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At what point does a new bakery truly come to life? 

For new owners like the Cray’s and Sundborg’s in Fairbanks, AK, they may say that their bakery has been alive for a long time—even since it was just a dream.  

Great Harvest Fairbanks owners photo

They first started enjoying the tastes and smells of the Anchorage, AK Great Harvest store about five years ago.  They enjoyed that experience so much that the dream began to form of owning their own whole grain bread store.

Fairbanks Great Harvest owners photo

Now, a little under two years after first starting their relationship with the franchise, they have just opened their doors. It's been fun to be a part of the training team here in Fairbanks.

I train people how to bake phenomenal bread.  For me, a bakery comes to life when I get to help the owners and bread crew make phenomenal bread on their own.  I like to think when the mill is humming, the mixer is clacking, and the oven is squeaking all in sync with a busy bread and sweets crew, a new bakery has come to life. 

training baking photo

Amanda Flamm is here in Fairbanks training the new employees how to run fast to help customers.  She may tell you that a new bakery is alive when an energetic crew is handing thick, hot slices of bread from the breadboard to customers in the lobby.  Because, ultimately, the point a store really does come to life is when owners get to deliver their whole wheat bread, exceptional sweets, and bodacious sandwiches to the excited and happy customer. 

Eric & Tricia Cray and Steve & Alicia Sundborg opened the doors of their neighborhood bread store in Fairbanks, AK last Friday (Aug 24th.)  We've been going full tilt since then.  

Great Harvest fairbanks photo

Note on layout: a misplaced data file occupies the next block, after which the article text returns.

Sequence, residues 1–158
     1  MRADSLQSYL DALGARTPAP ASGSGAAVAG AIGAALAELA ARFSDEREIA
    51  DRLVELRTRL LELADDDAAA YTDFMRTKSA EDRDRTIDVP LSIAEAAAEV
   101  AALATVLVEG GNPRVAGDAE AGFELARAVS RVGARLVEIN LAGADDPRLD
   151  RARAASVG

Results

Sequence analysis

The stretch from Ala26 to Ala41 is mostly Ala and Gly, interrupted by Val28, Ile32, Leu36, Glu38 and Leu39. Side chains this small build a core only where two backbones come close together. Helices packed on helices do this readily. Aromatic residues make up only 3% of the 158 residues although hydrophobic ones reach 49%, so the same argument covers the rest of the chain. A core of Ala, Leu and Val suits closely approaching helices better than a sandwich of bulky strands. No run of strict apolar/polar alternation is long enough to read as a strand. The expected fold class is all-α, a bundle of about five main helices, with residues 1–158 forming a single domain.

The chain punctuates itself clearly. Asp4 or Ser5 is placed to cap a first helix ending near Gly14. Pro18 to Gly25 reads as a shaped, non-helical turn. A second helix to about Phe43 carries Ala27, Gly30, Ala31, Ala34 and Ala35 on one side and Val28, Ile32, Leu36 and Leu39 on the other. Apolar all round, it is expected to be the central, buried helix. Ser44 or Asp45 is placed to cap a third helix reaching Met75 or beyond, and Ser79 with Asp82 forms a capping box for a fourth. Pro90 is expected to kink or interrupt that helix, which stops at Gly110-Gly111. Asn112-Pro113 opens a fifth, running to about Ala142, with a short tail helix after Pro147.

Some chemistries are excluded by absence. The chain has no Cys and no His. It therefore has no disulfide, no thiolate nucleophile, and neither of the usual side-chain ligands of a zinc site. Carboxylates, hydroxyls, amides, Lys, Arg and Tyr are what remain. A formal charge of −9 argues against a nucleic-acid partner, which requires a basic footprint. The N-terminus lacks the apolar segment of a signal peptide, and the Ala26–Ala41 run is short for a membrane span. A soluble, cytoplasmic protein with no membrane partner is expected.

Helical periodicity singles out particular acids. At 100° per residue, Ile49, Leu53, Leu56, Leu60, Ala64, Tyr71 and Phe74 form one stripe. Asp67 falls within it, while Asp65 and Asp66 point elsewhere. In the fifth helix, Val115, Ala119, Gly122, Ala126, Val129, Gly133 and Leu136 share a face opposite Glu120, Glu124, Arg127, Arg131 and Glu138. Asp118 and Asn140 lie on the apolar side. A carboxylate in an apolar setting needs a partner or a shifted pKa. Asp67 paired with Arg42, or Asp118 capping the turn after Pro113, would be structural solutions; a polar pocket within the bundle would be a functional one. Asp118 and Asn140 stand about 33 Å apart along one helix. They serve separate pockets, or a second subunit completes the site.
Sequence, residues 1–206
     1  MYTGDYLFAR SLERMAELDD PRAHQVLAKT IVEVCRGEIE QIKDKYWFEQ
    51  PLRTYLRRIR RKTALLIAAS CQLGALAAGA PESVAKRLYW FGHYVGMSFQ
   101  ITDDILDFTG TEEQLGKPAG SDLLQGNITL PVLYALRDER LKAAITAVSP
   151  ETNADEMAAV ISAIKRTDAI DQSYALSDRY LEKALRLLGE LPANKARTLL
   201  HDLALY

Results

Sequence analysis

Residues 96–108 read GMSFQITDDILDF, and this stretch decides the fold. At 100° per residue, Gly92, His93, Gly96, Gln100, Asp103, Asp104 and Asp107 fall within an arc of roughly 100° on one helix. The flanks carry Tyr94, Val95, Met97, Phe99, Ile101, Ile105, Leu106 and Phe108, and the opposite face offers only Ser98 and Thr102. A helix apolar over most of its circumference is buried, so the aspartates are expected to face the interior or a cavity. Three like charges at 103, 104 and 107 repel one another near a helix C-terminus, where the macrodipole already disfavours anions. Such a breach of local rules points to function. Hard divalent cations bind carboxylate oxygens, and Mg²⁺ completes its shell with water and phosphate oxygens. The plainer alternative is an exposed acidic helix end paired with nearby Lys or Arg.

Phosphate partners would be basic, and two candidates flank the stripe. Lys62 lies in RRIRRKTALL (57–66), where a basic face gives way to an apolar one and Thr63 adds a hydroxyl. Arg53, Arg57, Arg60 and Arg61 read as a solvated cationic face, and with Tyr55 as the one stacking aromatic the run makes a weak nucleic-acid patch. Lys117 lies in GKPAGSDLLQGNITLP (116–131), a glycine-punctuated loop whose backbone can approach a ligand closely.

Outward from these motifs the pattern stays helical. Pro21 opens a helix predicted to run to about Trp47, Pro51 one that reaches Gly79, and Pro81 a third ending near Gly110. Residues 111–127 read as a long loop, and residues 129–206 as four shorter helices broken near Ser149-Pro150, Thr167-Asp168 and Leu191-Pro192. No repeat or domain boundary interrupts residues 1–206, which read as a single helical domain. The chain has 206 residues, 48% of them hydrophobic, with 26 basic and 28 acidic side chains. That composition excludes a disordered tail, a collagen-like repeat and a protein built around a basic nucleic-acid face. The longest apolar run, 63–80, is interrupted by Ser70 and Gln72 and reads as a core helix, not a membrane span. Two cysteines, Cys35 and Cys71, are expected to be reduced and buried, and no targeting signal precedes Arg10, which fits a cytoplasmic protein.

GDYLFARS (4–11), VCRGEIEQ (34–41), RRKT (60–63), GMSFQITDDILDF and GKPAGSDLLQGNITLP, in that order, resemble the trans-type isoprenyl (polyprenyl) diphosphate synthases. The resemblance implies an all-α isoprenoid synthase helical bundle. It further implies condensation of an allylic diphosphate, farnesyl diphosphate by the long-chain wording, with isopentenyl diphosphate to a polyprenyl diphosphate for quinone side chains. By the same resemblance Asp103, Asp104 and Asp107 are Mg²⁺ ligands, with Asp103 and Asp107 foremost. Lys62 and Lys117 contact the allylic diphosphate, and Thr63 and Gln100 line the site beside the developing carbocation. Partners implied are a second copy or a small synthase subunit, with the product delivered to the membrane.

Do you have any words of encouragement for these new owners as they bring their store to life?


Want to learn more about opening your own Great Harvest bakery? You can always check out the Franchise Opportunities section of our site.


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I was born and raised in Lincoln, Nebraska, and taught from a very young age to love and respect the land. My parents were both raised on family farms (one a Century Farm, still proudly in our family today) and have eternally been committed to land stewardship and conservation. I was influenced by their appreciation for the environment and taught from an early age that healthy lands are shaped by many forces – arguably, the most powerful being agriculture. This influence led me to pursue my degree in Public Service and Administration in Agriculture with a focus in Agricultural Business from Iowa State University. During college, my experiences shaped my desire to work for a food company. I believe responsible food companies, like Great Harvest, are one of the driving forces behind good agricultural practices. I grew up eating Great Harvest bread, loved the company’s philosophy and jumped at the opportunity to work for the company in late 2010. I enjoy working with our diverse group of bakery cafe owners and traveling to unique stores across the country.